African art > African statues : tribal fetish, maternity > Bété Statue
Female figure Bété (N° 18341)
Rare statue, supposed to conserve the energy of a deceased. Some represent wives from the afterlife, according to the Baoulé concept. Mounted on massive feet, this muscular figure has an umbilical hernia and distinctive body scarifications of the group. The helmet hairstyle is also characteristic of the Bétés. For a similar copy, see page 42 of Ivory Coast's First Arts to ed. Mr. Sepia. Beautiful patina of use, grainy, inlaid with kaolin. Indigenous restoration using metal staples.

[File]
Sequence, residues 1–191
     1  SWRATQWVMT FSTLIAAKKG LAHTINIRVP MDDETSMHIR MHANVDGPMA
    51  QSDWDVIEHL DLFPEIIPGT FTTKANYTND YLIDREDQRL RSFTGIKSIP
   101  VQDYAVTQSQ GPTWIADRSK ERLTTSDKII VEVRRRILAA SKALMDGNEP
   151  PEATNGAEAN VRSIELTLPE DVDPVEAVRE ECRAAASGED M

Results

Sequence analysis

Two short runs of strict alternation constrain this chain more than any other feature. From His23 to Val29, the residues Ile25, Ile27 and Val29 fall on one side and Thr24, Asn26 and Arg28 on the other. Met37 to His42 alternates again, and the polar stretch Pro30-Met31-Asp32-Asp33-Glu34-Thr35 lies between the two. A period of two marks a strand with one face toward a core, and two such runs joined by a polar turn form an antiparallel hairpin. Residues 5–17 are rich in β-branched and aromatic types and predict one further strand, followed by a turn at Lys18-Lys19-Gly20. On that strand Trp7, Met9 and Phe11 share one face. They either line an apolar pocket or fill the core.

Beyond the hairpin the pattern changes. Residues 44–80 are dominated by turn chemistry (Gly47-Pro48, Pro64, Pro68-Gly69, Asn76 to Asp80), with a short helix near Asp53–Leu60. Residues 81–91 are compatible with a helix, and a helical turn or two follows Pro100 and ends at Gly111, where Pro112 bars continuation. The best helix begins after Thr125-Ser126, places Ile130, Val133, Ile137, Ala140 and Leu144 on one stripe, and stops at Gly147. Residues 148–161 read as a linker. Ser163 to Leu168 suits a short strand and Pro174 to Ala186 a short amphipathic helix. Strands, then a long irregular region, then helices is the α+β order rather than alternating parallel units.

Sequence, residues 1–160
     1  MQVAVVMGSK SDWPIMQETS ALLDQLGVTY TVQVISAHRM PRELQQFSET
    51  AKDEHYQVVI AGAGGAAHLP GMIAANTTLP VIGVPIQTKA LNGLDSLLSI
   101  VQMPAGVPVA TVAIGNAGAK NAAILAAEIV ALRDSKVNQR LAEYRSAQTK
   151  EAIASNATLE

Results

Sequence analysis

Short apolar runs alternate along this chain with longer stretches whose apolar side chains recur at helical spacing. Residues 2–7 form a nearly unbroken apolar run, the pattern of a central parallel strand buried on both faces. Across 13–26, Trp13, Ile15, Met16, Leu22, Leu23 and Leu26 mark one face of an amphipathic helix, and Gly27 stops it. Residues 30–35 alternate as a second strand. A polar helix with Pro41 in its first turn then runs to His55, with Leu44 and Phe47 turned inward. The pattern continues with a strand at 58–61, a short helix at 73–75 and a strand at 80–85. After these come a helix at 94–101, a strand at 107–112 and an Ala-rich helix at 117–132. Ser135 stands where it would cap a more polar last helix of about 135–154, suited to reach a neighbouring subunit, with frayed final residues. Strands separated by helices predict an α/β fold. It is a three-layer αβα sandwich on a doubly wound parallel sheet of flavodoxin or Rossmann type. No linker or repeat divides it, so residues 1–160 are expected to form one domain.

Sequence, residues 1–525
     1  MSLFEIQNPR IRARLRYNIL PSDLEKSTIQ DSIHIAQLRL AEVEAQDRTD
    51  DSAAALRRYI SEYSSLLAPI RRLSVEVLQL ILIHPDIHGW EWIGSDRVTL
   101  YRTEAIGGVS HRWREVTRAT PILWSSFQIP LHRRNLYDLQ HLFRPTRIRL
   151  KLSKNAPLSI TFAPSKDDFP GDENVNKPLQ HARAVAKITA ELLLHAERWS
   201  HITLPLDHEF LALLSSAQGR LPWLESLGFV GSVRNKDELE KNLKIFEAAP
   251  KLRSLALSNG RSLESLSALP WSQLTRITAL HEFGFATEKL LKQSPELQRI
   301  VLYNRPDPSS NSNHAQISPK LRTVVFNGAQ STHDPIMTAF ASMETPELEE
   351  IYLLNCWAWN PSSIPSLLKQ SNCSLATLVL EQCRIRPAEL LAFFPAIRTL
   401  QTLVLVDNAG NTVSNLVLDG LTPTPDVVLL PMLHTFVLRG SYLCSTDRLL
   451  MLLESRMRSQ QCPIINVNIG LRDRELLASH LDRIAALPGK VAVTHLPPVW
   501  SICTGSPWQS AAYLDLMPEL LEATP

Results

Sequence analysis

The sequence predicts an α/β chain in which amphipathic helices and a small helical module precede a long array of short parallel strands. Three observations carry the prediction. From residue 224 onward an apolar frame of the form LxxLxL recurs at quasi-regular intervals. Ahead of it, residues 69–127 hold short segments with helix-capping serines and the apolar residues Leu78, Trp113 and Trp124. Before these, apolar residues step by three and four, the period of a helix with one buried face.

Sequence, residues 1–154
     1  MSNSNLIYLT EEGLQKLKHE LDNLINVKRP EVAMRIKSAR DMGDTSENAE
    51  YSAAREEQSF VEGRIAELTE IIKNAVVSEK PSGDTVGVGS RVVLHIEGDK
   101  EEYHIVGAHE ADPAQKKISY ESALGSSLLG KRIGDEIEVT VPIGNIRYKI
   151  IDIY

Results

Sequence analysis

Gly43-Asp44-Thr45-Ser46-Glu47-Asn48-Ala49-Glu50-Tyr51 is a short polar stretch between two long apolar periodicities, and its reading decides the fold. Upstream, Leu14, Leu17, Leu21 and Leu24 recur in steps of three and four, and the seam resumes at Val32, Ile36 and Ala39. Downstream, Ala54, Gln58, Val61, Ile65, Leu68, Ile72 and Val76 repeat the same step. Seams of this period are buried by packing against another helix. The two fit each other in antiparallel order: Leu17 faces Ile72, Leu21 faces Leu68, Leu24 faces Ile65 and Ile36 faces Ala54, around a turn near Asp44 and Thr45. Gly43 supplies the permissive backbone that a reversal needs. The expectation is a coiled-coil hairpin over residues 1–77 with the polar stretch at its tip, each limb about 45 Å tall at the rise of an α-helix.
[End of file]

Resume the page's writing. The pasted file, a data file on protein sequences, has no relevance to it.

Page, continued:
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The Bété are mainly in western Côte d'Ivoire that the Bété use masks linked to the cult of the bagnon. The style of their dance masks, supposed to cause dread, was influenced by the Wobé and Guéré peoples, together referred to as Wé or 'the men who readily forgive', itself belonging to the Krou cultural group, these traditions having been passed on to them and taught by the Nyabwa. Of warlike origin but also involved in the resolution of conflicts, this sacred mask is worn accompanied by amulets that protect its wearer from its power from witchcraft. It is in order to strengthen its power through the exercise of customary justice that these masks are made available to the chief.
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